1671P - Phase I clinical trial of cancer vaccine combined with chemotherapy targeting both tumor antigen and immune tolerance against advanced solid tumors

Date 30 September 2012
Event ESMO Congress 2012
Session Poster presentation II
Topics Drug Development
Cancer Immunology and Immunotherapy
Presenter Mutsunori Murahashi
Authors M. Murahashi1, Y. Hijikata1, Y. Tanaka2, H. Inoue2, T. Marumoto2, Y. Nakanishi3, K. Yoshida4, T. Tsunoda4, Y. Nakamura5, K. Tani2
  • 1Department Of Advanced Cell And Molecular Therapy, Kyushu University Hospital, 812-8582 - Fukuoka/JP
  • 2Medical Institute Of Bioregulation, Kyushu University, Fukuoka/JP
  • 3Research Institute For Diseases Of The Chest, Kyushu University Hospital, JP-812-8582 - Fukuoka/JP
  • 4Cancer Immunology, OncoTherapy Science, Inc., Tokyo/JP
  • 5Institute Of Medical Science, University of Tokyo, Tokyo/JP

Abstract

Background

Antitumor immunotherapy to target tumor antigens and evade immune tolerance is considered reasonable and promising. However, no combined immunotherapy has been established. We designed a phase I trial of cancer vaccine combined with chemotherapy to investigate safety as the primary endpoint, and immune responses and clinical benefits as secondary endpoints.

Methods

Patients positive for HLA-A2402 who showed locally advanced, metastatic, and/or recurrent gastrointestinal, lung or cervical cancer were evaluated in a phase I clinical trial of cancer vaccine and chemotherapy. Cyclophosphamide (CPM) was administered 4 days before vaccination to eliminate regulatory T cells (Treg). 18 patients were treated in cohorts of six patients, each with escalating CPM dose (150, 300 and 600 mg/m2). Five HLA-A2402-restricted tumor-associated antigen (TAA) epitope peptides from KOC1, TTK, URLC10, DEPDC1, and MPHOSPH1 were injected once a week for 4 weeks. Patients without gastrointestinal bleeding, pleural effusion or ascites also received low dose IL-2 every after vaccination.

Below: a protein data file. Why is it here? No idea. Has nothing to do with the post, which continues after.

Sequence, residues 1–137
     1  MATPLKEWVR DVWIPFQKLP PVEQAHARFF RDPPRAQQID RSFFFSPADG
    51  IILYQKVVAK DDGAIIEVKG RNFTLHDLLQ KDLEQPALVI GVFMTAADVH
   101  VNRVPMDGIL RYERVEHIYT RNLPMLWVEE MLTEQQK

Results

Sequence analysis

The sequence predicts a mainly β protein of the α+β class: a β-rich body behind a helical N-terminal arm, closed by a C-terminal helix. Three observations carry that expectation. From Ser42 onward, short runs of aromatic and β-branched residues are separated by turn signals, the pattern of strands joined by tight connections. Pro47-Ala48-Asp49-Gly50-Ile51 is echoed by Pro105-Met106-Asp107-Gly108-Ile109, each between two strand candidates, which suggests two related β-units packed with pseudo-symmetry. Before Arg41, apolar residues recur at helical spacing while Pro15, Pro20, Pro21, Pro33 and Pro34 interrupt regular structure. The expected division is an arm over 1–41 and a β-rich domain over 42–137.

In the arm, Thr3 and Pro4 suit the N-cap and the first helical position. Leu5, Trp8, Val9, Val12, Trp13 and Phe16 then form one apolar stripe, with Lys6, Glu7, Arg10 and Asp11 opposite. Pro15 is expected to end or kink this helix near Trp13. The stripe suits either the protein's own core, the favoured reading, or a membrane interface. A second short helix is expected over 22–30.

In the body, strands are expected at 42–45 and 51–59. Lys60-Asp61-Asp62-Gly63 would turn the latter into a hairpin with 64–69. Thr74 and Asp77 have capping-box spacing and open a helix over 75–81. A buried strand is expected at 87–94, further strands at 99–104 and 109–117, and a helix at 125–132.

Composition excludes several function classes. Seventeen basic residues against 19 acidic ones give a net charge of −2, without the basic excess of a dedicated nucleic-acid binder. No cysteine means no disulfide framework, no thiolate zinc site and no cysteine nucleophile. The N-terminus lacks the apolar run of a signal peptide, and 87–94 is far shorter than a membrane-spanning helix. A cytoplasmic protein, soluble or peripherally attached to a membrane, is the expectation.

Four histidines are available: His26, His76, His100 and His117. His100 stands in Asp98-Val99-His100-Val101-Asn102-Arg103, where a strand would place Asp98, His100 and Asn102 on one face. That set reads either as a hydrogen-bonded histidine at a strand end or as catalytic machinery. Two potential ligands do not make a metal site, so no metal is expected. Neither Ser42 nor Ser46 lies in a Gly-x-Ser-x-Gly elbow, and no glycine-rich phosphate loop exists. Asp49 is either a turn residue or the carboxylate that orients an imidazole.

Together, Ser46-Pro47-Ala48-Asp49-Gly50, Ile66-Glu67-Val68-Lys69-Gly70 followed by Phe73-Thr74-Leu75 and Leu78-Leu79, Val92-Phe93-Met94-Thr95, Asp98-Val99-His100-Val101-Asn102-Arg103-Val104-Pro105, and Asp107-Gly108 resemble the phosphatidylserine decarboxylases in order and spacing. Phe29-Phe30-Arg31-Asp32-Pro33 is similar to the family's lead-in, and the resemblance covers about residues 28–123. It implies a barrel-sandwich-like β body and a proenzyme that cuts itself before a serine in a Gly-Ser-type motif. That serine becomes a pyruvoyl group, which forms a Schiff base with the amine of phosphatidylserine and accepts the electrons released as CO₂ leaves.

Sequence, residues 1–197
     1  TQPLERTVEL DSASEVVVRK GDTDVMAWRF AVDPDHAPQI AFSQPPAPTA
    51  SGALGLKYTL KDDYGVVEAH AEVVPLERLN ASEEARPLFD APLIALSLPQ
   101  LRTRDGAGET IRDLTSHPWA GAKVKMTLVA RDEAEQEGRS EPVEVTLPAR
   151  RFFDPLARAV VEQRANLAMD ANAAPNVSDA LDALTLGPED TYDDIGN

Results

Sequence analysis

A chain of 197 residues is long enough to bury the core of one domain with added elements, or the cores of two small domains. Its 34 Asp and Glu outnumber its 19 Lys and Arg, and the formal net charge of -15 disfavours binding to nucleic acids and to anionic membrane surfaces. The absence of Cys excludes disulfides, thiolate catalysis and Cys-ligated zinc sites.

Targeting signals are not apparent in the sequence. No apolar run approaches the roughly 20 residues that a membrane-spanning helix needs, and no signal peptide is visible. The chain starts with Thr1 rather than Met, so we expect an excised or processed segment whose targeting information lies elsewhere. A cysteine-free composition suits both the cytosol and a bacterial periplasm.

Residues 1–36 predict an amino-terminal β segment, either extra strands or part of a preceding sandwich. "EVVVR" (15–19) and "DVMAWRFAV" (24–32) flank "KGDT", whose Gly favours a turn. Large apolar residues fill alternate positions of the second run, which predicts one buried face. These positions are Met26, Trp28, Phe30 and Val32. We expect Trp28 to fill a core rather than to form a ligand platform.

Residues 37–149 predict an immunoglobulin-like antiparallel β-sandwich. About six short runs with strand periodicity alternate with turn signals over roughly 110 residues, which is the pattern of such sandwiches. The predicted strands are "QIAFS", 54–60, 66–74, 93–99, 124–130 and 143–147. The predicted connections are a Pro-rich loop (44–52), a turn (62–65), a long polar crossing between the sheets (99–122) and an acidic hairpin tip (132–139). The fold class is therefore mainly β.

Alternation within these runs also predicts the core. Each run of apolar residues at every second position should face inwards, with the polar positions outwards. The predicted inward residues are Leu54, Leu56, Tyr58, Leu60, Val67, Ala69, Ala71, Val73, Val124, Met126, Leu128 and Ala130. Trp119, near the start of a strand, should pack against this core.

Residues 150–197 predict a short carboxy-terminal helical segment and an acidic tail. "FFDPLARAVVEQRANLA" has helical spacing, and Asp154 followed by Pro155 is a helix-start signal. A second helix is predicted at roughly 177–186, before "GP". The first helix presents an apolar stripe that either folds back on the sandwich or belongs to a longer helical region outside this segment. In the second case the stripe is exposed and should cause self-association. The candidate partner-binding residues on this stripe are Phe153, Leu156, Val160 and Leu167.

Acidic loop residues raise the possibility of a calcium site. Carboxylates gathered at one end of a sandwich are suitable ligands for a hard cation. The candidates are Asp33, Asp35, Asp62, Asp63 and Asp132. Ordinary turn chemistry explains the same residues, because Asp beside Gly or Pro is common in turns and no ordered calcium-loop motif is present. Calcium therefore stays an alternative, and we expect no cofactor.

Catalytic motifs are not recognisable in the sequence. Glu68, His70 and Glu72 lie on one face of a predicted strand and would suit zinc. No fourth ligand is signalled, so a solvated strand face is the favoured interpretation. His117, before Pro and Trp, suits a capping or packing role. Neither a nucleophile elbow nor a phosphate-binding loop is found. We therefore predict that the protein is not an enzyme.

Results

The treatment was tolerated well without any associated adverse events above grade 3. The study included primary disease with 9 cases of colorectal cancer, 3 cholangiocellular carcinoma, 3 lung cancer, and one each of esophageal, gastric and cervical cancer. Nine of 13 patients (69%) assessed by Elispot assay showed cytotoxic T lymphocytes (CTL) specific for TAA to more than one of five antigens after vaccination. Log-rank test among these demonstrated that CTL responses induced by vaccine contributed significantly to overall survival (MST: 9.2 vs 3.9 months, P = 0.003). In addition, a significantly broader antigenic repertoire was found in longer survivors (p = 0.033). Treg number dropped from baseline with dose just after CPM administration. This seems to reflect direct inhibition of CPM on Treg. Interestingly, reduced Treg correlated significantly with longer overall survival (P = 0.024), suggesting CPM augmented, vaccine-induced CTL responses through Treg reduction.

Conclusion

This phase I clinical study demonstrated promising survival associated with Treg inhibition, as well as CTL responses that warrants further clinical studies.

Disclosure

K. Yoshida: I am a research staff of the company, OncoTherapy Science Inc. providing the peptide vaccines used in this study.

T. Tsunoda: I am the President and CEO of the company, OncoTherapy Science, Inc. providing the peptide vaccines used in this study.

Y. Nakamura: I am one of the major stock holders of the company, OncoTherapy Science, Inc.

K. Tani: Our department obtained the partial research funding in 2007 from the comapany, OncoTherapy Science, Inc.

All other authors have declared no conflicts of interest.